24 h on-stream demonstration of the Pt1-MoS2-GF catalyst in the quantitative conversion regime of nitrobenzene to aniline under flow. Condition: 0.025 M nitrobenzene with 0.050 M ammonia borane in acetonitrile/H2O mixture (5?:?1, v/v) at a flow rate of 1 mL/min. Yield vs. flow rate test shown in the inset as performed at 20 h.

24 h on-stream demonstration of the Pt1-MoS2-GF catalyst in the quantitative conversion regime of nitrobenzene to aniline under flow. Condition: 0.025 M nitrobenzene with 0.050 M ammonia borane in acetonitrile/H2O mixture (5 : 1, v/v) at a flow rate of 1 mL/min. Yield vs. flow rate test shown in the inset as performed at 20 h. Image Credit: Pagliaro, M et al., ChemCatChem

Research has revealed that single-atom catalysts employed under flow conditions display the same stability as those under batch conditions. This proof of concept is incredibly important for the industrial uptake of this method for chemical production. Two major methods have been developed for the large-scale production of suitable single-atom catalysts, which opens the route toward employing several potential leach-proof single-atom catalysts under flow.

One of the main advantages of this catalysis approach is its suitability for organic chemistry reactions that require trace amounts of catalyst. Another challenge is the contamination of trace metal catalysts by impurities during reactions, and the use of single-atom catalysis helps to improve the controllability of catalysis.

In terms of economic viability, continuous flow methods have lower costs and produce consistently higher-purity products, making them an attractive choice for industrial chemical producers. They are also considered to be “green” methods, which can satisfy the sustainability aims of the fine chemicals industry.

However, companies may be reluctant to utilize this technology despite its benefits due to the need to replace expensive, conventional bulk reactors, requiring significant capital investment in plants. However, the long-term benefits to the chemical industry in terms of cost, product quality, sustainability, and green chemistry can far outweigh the initial financial requirements.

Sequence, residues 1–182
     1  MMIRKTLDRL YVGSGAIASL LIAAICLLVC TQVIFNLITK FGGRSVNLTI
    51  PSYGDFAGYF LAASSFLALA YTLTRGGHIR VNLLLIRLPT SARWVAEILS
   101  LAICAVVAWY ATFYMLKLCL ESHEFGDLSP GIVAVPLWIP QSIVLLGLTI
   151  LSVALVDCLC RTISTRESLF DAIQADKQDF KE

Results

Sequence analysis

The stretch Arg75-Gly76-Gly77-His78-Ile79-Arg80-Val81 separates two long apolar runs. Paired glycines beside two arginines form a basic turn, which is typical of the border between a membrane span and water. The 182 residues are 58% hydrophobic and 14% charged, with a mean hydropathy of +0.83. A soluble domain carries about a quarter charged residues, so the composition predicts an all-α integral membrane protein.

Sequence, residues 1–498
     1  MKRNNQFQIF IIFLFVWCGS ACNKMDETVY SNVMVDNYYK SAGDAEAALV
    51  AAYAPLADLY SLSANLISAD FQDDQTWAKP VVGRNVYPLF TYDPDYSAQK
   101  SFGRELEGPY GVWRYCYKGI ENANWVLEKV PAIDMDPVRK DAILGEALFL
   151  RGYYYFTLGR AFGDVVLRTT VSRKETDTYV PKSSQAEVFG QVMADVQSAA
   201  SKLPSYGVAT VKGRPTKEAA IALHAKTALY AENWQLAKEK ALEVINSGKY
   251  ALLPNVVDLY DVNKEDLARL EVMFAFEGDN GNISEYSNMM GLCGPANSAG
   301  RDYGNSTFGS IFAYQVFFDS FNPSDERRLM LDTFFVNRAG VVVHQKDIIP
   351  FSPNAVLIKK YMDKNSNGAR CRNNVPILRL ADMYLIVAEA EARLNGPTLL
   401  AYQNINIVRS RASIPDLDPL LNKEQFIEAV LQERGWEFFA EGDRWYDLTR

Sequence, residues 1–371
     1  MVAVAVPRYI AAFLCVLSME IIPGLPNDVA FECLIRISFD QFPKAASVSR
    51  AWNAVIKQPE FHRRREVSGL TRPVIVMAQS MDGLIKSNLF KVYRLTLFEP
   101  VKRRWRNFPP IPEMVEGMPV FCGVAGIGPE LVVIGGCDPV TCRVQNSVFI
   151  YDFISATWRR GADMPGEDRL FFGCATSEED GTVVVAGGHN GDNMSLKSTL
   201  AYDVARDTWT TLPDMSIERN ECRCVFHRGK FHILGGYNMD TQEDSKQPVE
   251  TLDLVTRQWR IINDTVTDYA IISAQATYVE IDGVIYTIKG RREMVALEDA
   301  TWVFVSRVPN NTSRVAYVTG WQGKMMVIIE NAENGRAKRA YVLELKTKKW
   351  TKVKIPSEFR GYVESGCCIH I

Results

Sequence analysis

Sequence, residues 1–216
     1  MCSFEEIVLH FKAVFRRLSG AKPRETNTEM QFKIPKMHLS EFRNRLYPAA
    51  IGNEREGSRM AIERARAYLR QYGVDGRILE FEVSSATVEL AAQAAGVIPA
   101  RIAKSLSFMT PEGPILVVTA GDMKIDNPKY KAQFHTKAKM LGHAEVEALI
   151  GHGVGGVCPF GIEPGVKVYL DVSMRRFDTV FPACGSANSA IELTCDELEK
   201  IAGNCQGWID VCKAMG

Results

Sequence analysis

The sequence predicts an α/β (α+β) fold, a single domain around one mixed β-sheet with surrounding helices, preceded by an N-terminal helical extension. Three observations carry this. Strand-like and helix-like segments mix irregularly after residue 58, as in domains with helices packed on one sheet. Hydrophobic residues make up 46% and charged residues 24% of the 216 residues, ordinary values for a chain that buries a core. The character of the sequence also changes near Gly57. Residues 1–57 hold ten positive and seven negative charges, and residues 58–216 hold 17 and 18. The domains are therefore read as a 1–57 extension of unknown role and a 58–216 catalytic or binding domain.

Future Perspectives

The paper has predicted that in the near future, chemical production will shift from utilizing conventional methods to heterogenous catalysis under continuous flow conditions. Benefits for companies include lower costs, high efficiency, high product quality, quicker production times, and increased lot-to-lot product consistency. Novel catalysts can be supported by these techniques.

Single-atom catalysts provide distinct advantages over currently reported catalysts due to their high stability and the requirement for lower amounts of expensive and rare heterogenized catalytic species. Industrial uptake of these catalysts and innovative continuous flow technologies will require a concerted effort by companies and educational establishments to train and employ industrial chemists competent in these methods.

Further Reading

Pagliaro, M, Della Pina, C & Ciriminna, R (2022) Continuous Flow Single-Atom Catalysis: A Viable Organic Process Technology? ChemCatChem e202200768 [online] Available at:

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Reginald Davey

Written by

Reginald Davey

Reg Davey is a freelance copywriter and editor based in Nottingham in the United Kingdom. Writing for AZoNetwork represents the coming together of various interests and fields he has been interested and involved in over the years, including Microbiology, Biomedical Sciences, and Environmental Science.